All motorists in Utah
are required to have auto insurance. Utah's minimum requirements are as follows:
- For bodily injury per person: $25,000
- For bodily injury per accident: $65,000
- For property damage per accident: $15,000
All drivers are required to carry their insurance cards in their automobiles at all times. If caught without insurance, motorists will pay a minimum of $400, receive a class B misdemeanor, which will result in a loss of driver's license and registration until proof of insurance is provided and a reinstatement fee is paid.
Utah's Insurance Fraud
Insurance fraud in the state of Utah results in millions of dollars lost every year. The average auto insurance policyholder will have to pay premiums that are between $800 and $1,000 higher each year because of insurance fraud. The victim of insurance fraud is definitely the consumer. Examples of auto insurance fraud include the following:
- Using a friend's address on an insurance application because the premium rates in his or her area of town are less.
- Participating in a staged accident.
- Referring accident victims to a doctor or attorney for a fee.
- When an auto body repair shop installs used or junkyard auto parts after an accident, when the insurance company is paying for new parts.
- Issuing a bogus insurance policy.
- Altering an insurance card of an expired policy to reflect that it is still currently in effect.
- "Padding" a claim form with extra charges simply for the purpose of recovering the deductible.
- Exaggerating the level of injuries experienced in an accident.
Alcohol-Related Driving in Utah
In any year-long period, Utah will have roughly 250 traffic fatalities. Approximately 50 of these deaths will be caused by a driver under the influence of alcohol. This is 20 percent of the people who die in fatal accidents. The blood alcohol content (BAC) limit in Utah is 0.08 percent for motorists 21 and over.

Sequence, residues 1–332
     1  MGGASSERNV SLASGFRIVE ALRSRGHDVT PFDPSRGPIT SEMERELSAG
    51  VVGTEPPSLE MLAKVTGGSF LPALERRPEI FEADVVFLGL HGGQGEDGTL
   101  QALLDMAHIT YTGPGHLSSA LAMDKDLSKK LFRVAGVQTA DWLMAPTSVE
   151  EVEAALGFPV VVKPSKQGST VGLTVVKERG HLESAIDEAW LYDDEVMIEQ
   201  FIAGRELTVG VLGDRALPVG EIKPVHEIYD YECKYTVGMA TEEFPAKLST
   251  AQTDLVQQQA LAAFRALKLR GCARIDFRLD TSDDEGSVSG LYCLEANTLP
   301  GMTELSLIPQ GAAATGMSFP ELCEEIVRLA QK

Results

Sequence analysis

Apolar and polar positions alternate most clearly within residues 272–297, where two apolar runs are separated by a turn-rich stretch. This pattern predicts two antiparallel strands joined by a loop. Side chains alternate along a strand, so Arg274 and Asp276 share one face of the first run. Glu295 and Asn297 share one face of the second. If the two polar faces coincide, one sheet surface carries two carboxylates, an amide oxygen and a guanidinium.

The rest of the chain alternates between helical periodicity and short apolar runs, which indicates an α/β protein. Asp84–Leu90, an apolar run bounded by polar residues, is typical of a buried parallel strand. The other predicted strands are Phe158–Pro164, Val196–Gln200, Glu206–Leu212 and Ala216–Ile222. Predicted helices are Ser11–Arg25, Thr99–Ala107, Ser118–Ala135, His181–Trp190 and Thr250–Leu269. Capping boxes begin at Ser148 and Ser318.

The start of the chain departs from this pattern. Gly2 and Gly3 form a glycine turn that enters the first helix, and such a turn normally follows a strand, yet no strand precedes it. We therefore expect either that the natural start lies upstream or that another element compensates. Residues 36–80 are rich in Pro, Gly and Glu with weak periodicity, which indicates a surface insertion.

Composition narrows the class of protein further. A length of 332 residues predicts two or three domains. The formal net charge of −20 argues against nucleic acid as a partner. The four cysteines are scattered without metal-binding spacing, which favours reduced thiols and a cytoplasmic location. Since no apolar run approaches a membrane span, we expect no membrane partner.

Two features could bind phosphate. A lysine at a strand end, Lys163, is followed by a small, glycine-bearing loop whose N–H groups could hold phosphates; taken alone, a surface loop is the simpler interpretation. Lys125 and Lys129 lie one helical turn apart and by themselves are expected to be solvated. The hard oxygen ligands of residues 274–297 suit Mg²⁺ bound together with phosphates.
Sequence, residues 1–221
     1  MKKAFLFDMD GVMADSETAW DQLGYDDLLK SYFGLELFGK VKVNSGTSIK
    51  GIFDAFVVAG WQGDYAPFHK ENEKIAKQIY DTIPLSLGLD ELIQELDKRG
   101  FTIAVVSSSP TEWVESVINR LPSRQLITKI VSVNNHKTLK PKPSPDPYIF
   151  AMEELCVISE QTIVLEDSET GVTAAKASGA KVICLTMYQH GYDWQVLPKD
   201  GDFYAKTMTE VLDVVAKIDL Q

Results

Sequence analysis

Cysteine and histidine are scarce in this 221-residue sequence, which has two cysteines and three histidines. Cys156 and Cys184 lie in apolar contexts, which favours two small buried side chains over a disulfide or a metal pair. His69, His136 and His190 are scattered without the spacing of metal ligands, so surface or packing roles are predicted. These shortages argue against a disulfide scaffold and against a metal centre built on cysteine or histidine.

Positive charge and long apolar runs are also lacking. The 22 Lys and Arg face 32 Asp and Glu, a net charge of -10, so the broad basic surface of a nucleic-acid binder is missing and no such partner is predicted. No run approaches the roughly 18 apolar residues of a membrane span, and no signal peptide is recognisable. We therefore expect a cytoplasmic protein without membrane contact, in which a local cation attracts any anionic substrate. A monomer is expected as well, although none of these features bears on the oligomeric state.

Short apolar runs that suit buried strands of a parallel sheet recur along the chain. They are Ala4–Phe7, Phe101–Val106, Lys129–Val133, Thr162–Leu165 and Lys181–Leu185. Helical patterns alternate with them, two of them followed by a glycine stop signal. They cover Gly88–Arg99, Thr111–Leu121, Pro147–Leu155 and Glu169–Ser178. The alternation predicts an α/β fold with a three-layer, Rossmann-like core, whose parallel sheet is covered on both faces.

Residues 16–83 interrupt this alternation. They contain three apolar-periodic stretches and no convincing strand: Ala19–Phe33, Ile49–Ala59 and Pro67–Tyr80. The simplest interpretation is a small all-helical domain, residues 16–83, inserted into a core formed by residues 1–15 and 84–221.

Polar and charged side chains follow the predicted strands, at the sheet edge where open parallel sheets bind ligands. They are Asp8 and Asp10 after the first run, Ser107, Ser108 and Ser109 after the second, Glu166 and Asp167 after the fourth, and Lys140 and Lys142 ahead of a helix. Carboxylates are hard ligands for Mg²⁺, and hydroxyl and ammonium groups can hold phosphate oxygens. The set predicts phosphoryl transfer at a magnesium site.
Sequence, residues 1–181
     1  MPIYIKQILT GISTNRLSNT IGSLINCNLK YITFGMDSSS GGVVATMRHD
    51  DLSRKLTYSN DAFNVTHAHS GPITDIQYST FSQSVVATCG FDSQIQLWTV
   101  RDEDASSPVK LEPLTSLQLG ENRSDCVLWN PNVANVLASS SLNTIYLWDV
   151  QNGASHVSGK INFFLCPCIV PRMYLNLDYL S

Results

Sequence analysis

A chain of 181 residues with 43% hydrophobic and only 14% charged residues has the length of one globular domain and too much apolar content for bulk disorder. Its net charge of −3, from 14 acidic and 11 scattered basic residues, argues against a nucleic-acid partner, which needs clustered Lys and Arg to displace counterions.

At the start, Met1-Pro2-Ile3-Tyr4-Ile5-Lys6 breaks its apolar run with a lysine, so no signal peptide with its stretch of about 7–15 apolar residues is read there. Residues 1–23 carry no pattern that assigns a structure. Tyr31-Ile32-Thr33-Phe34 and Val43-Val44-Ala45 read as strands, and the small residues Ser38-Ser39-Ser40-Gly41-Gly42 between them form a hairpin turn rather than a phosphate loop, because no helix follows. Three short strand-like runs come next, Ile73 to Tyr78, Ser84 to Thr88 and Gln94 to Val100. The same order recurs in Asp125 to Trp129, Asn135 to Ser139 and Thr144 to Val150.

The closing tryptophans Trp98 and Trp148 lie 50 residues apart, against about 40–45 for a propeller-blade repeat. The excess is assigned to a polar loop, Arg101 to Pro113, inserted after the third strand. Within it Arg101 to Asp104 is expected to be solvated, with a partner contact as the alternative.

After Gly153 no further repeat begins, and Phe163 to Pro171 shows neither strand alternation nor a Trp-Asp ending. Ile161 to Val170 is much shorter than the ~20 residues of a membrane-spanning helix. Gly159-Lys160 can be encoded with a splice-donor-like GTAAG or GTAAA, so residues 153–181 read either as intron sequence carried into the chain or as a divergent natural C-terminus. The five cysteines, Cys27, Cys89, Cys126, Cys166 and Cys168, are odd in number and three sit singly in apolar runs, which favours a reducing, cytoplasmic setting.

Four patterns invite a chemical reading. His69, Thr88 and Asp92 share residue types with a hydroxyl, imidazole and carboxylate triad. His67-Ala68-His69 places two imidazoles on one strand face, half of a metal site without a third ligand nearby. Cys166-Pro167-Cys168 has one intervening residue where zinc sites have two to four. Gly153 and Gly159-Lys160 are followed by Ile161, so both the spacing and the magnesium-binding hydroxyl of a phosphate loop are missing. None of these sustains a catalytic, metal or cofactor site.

For commercial vehicle operators, the limit is 0.04 percent, and for drivers under the age of 21, it is 0.00 percent. This translates to a zero-tolerance policy in Utah for people under the age of 21 who have any alcohol in their blood whatsoever.
Utah's Unusual Laws
Each state in the nation has its own share of antiquated laws, some of which are downright amusing. Here are a few of Utah's:
- It is against the law to fish from horseback.
- Causing a catastrophe is forbidden by law.
- It is a felony to walk on cracks in the pavement of a sidewalk of a state highway.
Driving in Utah
Travelers driving through Utah should make sure to explore the beautiful national parks of Bryce Canyon and Zion National Parks. Zion is the oldest national park in Utah and is remarkably beautiful with its multi-shaded sandstone cliffs.
Travelers will find curio shops and ancient native ruins along the back trails of these two national parks. Salt Lake City and the Great Salt Lake are two of Utah's biggest attractions. Did you know that the city, "Levan," is "navel" spelled backwards and was given this name because it is in the middle of Utah?